Next, is to peel and devein the shrimp. This takes about 10 minutes. Transfer to a bowl. Set aside. The shrimp will be the last ingredient that gets added to this dish.

The *roux is a very important player for a great gumbo. This is where the labor of love for this dish comes in to play. A dark peanut butter color is what I’m looking for. This means going past the blonde stage (blonde in color) for a standard *roux.

In a non-stick sauté pan over medium-high heat, melt 6 tablespoons of butter with 2 tablespoons of vegetable oil. Using a silicone whisk, slowly add the flour, whisking continuously, until the butter/oil mixture absorbs the raw flour in a paste-like and smooth consistency. At this point, the *roux will start to bubble.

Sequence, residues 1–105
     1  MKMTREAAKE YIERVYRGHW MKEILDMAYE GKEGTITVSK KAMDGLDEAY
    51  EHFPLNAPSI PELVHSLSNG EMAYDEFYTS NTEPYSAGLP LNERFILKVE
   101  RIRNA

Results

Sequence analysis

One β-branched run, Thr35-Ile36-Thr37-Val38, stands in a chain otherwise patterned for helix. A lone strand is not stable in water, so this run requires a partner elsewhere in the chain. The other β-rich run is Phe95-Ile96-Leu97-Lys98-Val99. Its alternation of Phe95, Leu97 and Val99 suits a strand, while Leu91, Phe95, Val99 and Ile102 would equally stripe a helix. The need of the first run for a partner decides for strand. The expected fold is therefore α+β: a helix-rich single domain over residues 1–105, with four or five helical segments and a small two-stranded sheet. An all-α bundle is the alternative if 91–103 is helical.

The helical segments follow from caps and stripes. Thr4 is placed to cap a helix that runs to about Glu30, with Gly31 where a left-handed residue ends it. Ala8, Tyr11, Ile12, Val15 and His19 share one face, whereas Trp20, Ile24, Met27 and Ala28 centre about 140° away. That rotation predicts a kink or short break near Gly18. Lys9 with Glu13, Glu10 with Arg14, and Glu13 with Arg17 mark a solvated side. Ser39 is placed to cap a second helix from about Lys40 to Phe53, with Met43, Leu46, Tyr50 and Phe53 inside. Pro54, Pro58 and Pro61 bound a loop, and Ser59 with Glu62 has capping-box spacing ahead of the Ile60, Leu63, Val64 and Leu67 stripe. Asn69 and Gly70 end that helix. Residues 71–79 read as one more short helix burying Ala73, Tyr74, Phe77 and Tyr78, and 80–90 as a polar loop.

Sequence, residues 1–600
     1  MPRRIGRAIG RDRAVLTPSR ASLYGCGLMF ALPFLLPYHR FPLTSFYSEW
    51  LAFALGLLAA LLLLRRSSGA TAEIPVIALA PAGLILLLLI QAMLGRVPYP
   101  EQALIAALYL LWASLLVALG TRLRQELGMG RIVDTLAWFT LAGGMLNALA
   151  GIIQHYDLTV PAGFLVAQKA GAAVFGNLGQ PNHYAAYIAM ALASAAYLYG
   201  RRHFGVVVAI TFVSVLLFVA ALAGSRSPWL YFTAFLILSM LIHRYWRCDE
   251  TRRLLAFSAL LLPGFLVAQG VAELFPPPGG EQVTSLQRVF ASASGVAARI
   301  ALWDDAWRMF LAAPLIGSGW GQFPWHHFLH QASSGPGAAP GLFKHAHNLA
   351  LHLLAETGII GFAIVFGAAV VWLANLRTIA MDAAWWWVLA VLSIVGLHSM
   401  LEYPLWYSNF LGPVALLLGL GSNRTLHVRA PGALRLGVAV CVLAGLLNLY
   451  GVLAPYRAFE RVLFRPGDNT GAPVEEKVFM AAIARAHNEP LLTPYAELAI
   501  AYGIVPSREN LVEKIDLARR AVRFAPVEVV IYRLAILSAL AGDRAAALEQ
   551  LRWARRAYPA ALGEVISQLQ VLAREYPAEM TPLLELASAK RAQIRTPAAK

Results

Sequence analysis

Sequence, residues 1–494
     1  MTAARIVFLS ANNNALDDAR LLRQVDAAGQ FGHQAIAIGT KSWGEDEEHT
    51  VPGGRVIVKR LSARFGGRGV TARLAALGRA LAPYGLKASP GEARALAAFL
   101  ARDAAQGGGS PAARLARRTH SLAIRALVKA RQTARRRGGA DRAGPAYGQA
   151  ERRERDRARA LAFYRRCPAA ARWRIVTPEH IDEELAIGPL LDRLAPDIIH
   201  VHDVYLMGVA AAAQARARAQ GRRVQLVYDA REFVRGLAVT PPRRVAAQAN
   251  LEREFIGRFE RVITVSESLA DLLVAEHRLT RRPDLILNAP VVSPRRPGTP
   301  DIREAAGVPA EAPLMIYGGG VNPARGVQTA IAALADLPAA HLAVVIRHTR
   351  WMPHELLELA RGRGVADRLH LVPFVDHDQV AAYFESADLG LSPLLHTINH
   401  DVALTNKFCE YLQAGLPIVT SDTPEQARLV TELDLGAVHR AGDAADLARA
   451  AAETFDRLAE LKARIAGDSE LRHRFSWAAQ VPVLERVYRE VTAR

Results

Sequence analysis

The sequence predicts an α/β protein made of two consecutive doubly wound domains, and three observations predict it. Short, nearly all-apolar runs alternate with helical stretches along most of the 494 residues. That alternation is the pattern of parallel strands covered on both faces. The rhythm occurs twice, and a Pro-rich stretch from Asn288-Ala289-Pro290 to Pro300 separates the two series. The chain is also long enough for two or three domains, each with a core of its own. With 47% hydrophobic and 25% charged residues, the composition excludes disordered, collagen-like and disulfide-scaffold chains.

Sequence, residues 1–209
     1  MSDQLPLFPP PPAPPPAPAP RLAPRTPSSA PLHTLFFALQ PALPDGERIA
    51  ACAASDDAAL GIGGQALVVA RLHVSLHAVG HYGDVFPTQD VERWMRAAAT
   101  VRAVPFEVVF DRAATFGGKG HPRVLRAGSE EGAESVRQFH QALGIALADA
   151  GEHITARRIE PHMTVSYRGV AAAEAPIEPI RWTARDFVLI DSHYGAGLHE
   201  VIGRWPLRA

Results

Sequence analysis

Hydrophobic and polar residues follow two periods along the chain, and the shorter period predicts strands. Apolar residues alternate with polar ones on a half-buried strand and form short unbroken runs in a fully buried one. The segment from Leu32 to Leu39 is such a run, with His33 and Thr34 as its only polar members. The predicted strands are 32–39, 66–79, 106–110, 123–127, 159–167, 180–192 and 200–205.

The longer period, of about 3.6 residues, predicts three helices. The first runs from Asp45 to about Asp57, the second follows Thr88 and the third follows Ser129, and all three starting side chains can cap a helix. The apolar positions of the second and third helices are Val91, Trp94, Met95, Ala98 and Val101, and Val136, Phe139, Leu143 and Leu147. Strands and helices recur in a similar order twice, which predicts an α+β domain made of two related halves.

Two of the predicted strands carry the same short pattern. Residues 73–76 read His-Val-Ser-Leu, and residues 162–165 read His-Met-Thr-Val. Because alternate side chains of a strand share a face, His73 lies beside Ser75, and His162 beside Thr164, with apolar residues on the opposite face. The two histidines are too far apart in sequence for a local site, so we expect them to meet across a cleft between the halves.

Reduce the heat to medium-low. Continue to whisk for 3 to 5 minutes the *roux will start turning light caramel in color. Switch to a rubber spatula. Scrape down all the sides and bottom of the pan. Again, continue to whisk,  you’re looking for the *roux to turn a dark peanut butter color, this may take anywhere from 7 to 10 minutes.

In a preheated Dutch oven over medium heat add 1 tablespoon of vegetable oil. Add the onions first, season with Kosher salt and fresh ground black pepper. After the onions start to soften, add the diced celery, green bell pepper, and minced garlic.  Stirring occasionally cook for 5 to 7 minutes. At this point add the ground thyme, Creole seasoning, and tomato paste, stir to combine. Continue cooking for another 5 minutes.